Your computer, operating system, printer driver, and finally the printer itself must work together in order to convert application files into printed output. You might be in for a surprise when you pick up your finished document from the printer’s output tray if any of the processing chain’s links malfunction. Investigate your issue from one end of the output chain to the other if you notice jumbled output or odd character substitutions on the page.
Put the driver software your computer uses to process output data at the top of your list of suspects when your perfectly formatted word processing or spreadsheet file prints out looking like alphabet soup. A seemingly never-ending list of problems can result from using the incorrect driver, which may be mismatched with your printer, too new or old for your operating system, or a PostScript driver for non-PostScript hardware. If your current installation fails the test, verify your support software and download the appropriate version from the printer manufacturer’s website.
When you connect some USB printers to your computer via a hub, they work without a hitch. When compared to bus-powered hubs, which draw their power from your USB port, some only accept this type of connection on powered hubs, which draw their power from a wall outlet. Another class of printers needs to be connected directly to a port on your computer. Even if your current connection options are in line with your printer’s recommendations, try connecting it directly. If that doesn’t resolve your output issue, replace your data cable.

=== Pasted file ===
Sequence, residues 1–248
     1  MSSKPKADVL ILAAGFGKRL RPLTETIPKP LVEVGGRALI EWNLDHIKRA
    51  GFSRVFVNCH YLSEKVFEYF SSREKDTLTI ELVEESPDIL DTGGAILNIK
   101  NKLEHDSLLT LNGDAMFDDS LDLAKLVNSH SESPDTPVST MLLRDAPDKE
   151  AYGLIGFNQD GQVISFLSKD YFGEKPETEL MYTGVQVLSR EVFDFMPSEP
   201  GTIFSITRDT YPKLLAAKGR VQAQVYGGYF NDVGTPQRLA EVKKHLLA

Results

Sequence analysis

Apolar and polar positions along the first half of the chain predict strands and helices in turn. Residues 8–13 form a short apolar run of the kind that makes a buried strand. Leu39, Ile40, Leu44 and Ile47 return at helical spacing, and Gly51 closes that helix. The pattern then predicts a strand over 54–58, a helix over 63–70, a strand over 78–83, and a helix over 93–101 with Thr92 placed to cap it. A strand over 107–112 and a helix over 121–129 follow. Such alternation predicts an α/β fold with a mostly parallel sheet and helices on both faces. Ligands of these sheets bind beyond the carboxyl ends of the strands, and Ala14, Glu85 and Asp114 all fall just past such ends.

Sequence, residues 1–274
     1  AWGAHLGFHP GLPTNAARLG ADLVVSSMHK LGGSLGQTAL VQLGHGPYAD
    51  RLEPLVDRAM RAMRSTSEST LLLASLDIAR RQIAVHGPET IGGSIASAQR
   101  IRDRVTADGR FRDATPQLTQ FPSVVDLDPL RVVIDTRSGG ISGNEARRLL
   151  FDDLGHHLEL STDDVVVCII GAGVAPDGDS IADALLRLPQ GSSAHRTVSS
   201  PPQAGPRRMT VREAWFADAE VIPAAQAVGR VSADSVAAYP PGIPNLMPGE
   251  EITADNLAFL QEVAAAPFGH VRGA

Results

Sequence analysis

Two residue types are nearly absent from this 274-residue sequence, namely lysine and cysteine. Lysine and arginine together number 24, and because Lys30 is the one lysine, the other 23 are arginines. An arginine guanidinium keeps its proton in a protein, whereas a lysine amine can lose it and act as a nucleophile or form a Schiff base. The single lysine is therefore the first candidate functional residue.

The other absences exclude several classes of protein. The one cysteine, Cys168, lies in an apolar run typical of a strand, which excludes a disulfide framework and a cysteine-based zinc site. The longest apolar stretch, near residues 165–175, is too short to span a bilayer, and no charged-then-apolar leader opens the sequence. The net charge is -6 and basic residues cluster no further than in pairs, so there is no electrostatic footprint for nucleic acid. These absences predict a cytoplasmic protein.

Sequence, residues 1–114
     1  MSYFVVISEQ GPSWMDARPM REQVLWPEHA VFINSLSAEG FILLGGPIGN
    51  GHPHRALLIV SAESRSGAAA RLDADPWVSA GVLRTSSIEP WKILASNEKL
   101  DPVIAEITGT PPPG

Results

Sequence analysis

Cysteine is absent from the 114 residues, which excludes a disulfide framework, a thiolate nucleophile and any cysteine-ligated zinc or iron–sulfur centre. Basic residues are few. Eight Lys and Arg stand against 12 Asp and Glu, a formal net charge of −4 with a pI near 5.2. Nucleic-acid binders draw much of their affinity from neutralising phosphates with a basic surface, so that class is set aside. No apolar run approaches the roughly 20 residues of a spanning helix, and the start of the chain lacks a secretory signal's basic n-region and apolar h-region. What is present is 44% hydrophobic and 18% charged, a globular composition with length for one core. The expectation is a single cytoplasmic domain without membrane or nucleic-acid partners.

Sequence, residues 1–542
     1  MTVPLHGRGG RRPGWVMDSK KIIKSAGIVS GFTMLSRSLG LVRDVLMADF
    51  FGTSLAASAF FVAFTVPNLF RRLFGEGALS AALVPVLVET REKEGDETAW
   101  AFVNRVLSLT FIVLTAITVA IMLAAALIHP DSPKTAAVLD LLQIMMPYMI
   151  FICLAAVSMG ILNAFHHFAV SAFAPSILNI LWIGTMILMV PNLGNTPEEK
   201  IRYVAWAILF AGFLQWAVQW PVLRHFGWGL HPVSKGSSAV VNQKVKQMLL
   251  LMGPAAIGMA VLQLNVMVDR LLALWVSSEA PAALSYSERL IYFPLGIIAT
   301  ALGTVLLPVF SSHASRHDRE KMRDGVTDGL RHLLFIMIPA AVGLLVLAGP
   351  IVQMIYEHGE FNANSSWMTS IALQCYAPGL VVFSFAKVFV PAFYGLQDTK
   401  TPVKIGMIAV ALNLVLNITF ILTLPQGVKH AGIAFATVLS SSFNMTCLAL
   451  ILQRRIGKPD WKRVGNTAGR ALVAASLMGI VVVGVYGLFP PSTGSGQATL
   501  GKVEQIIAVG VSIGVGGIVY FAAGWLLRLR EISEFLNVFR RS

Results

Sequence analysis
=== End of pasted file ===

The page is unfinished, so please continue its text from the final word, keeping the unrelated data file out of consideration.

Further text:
The majority of computers and output hardware have no issues printing files directly from removable media. When trying to source large files from a flash drive or memory card, it may be more difficult to serve up documents with large, high-resolution graphics for output. If the connection cannot keep up with the output process, even networked connections may become problematic. Consider printing your document from your local hard drive by copying it to your desktop.
You might come across PDFs that contain typeface information encoded in a way that prevents them from printing correctly when your printer muddles them up into a jumble. If you want to print a PDF file as an image, the application you use to access PDF files should have an advanced printing preference that lets you do that. When you print an image, the printer converts the data in the PDF file to a bitmap as it goes to print it. This option can make files printable that would not otherwise image properly, but it slows down your output due to the additional processing it needs.